More Help Is Needed for Our Veterans

,

I received a very sad telephone call this morning.  It was the wife of one of my clients.  She informed me that her husband, the veteran, just committed suicide.  

At the time of death, the veteran had been service connected for PTSD and was seeking a higher rating for his disability.  The VA had rated him only at 30 percent for the PTSD.  We felt it was far lower than it should have been.

In order to qualify, the highest rating criteria for PTSD involve symptoms like being in a persistent risk of harming oneself or others.  One cannot get any more serious about harming oneself than a successful suicide.  We believe this suicide is the most poignant evidence that the veteran’s service connected PTSD was very serious. 

Sadly, it often takes a veteran’s death by suicide to convince VA that his PTSD is serious.  Just a few weeks ago my associate was speaking to this veteran who indicated that he thinks of suicide almost daily.  Yet the VA probably still believed that he was exaggerating his symptoms and was not entitled to anything more than a meager 30 percent rating.

It is estimate that a veterans commits suicide every 65 minutes in the U.S. Is this the best the United States of America has to offer?  We have boasted of the largest and most technically advanced military in the world, but yet our veterans come home with severe mental disabilities that continue to produce casualties long after the war is over and we do very little about it.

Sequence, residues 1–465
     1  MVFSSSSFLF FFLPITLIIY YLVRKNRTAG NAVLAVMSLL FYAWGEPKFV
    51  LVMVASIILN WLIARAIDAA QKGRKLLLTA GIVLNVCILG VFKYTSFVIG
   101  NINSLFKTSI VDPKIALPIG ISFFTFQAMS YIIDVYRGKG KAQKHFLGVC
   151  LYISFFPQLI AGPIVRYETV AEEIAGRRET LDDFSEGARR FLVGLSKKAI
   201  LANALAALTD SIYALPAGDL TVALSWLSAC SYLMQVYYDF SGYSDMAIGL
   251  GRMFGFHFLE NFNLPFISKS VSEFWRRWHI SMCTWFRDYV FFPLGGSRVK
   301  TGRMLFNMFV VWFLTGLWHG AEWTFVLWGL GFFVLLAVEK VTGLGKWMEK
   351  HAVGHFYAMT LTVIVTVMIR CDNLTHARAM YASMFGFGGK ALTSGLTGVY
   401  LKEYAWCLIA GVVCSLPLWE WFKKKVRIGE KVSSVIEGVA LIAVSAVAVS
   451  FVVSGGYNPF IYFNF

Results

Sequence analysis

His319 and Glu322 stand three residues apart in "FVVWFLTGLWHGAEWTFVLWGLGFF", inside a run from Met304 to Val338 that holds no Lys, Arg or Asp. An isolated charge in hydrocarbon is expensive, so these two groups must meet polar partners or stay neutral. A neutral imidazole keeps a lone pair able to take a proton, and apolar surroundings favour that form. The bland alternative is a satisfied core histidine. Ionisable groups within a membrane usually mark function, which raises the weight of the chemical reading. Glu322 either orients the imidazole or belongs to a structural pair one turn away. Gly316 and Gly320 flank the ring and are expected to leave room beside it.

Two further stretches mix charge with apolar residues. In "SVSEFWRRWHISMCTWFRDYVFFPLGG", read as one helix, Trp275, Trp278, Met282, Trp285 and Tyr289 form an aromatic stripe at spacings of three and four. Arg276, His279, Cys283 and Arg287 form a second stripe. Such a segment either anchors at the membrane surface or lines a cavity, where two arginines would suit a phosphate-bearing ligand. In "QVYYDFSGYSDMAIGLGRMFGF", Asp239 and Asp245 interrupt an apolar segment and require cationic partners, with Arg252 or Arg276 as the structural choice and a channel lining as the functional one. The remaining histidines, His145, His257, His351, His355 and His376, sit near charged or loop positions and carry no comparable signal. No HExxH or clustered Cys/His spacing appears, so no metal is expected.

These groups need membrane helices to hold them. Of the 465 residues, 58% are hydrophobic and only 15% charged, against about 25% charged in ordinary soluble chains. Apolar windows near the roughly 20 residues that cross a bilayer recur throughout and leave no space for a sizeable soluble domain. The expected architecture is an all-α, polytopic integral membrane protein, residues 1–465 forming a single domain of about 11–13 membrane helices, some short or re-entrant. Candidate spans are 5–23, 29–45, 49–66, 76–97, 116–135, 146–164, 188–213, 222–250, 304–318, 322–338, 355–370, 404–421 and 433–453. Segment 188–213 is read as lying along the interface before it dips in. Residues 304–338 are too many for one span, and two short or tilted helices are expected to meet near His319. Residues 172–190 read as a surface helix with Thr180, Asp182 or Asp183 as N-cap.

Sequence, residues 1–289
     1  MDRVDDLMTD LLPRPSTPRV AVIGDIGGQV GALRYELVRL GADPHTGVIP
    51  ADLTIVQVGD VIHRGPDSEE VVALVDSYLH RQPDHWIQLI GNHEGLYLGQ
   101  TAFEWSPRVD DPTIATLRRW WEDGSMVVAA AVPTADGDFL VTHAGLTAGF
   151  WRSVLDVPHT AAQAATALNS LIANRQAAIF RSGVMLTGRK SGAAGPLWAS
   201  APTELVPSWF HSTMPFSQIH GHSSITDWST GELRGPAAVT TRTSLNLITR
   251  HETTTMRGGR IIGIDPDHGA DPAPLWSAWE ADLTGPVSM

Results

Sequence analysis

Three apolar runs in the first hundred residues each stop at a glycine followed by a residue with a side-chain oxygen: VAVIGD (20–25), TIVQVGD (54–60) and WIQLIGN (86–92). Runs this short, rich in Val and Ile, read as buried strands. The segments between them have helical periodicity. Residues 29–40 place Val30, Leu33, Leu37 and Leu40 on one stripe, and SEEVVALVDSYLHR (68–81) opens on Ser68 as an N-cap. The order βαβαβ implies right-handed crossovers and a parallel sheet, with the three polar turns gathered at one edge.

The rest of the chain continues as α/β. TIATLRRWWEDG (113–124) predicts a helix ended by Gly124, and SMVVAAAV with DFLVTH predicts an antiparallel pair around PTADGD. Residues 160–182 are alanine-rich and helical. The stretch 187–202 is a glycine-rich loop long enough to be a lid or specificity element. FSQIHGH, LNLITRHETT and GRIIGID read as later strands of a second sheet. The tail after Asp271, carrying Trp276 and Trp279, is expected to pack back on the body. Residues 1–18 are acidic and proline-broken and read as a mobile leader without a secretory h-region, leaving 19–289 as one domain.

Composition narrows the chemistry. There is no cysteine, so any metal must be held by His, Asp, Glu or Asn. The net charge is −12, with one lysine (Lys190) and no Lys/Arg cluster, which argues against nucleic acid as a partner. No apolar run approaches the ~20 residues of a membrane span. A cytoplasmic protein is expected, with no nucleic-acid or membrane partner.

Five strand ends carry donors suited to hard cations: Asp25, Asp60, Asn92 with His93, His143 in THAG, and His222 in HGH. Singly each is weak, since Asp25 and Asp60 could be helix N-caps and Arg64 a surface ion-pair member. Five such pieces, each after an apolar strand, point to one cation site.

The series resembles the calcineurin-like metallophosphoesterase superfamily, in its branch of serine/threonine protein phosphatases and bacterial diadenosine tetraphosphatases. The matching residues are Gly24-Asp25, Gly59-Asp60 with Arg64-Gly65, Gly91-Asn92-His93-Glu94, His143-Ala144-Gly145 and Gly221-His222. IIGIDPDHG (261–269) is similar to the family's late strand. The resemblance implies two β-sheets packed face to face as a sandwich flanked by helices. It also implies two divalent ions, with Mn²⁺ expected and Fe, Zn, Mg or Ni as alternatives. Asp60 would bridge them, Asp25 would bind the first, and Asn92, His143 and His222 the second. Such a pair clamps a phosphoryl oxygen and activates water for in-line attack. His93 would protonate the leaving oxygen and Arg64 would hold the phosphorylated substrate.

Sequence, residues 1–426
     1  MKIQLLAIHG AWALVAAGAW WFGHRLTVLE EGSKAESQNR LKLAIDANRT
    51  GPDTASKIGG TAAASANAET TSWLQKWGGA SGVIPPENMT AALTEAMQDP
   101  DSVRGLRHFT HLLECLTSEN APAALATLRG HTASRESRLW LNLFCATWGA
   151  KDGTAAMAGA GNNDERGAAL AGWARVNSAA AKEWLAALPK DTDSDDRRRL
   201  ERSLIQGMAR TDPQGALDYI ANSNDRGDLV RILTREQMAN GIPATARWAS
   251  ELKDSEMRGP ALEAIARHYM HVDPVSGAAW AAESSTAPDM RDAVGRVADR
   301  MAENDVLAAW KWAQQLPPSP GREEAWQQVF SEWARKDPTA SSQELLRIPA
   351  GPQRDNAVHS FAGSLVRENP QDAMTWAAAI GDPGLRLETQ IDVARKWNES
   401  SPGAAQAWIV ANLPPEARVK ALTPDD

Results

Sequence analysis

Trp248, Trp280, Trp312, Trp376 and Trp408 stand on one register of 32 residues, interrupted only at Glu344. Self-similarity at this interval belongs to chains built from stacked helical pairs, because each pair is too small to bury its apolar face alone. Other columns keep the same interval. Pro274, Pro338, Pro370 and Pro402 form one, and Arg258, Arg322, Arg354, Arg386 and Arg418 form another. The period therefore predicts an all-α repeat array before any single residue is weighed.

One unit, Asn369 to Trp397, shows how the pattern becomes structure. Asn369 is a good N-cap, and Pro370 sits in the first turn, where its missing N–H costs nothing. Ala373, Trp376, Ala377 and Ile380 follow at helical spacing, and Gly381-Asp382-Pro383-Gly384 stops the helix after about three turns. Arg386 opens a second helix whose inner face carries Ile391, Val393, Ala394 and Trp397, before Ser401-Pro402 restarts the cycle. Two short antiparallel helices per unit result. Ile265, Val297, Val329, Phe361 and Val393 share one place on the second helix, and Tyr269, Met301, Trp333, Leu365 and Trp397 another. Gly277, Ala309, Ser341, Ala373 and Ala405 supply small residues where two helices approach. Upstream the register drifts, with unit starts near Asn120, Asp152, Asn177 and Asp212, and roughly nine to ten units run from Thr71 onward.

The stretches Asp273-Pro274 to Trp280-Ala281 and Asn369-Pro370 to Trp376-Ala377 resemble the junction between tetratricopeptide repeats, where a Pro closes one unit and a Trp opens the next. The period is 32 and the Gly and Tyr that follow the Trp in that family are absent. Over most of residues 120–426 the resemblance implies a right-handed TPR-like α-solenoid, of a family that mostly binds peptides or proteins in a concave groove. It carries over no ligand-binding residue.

It’s too late for this veteran.  He’s already gone.  But how many others are there like him that daily contemplate suicide hoping that someone will help them?  Unfortunately, by the time people wake up and realize that a veteran’s condition is serious, it’s often too late.

When I contemplate this case I’m reminded about how VA tends to underrate psychiatric disabilities.  The average victim of PTSD looks normal on the outside, and this may deceive many VA examiners.  It seems that they expect you to be living on the streets, eating out of garbage cans, and smelling like you slept in a dumpster to actually warrant a 100 percent rating.  It should not get to the point that a veteran is living on the fringes before VA recognizes the seriousness of his psychiatric symptoms.  When VA denies you for a higher rating for PTSD, please do not do what this client did. Seek out legal assistance with a qualified veteran’s disability attorney who can fight aggressively to help you win your case when VA denies a higher rating for PTSD.

 

Share

Share by email

Eric Gang

Eric A. Gang, Esq. is a veterans’ disability attorney who represents disabled veterans nationwide in their appeals for VA disability benefits. He has litigated over 500 appeals at the U.S. Court of Appeals for Veterans Claims and has recovered millions of dollars in retroactive benefits for disabled veterans. His work has been mentioned in media outlets across the country. He publishes and lectures widely in the area of veterans benefits. You can reach him at (888) 878-9350 or www.veteransdisabilityinfo.com.



You might also like: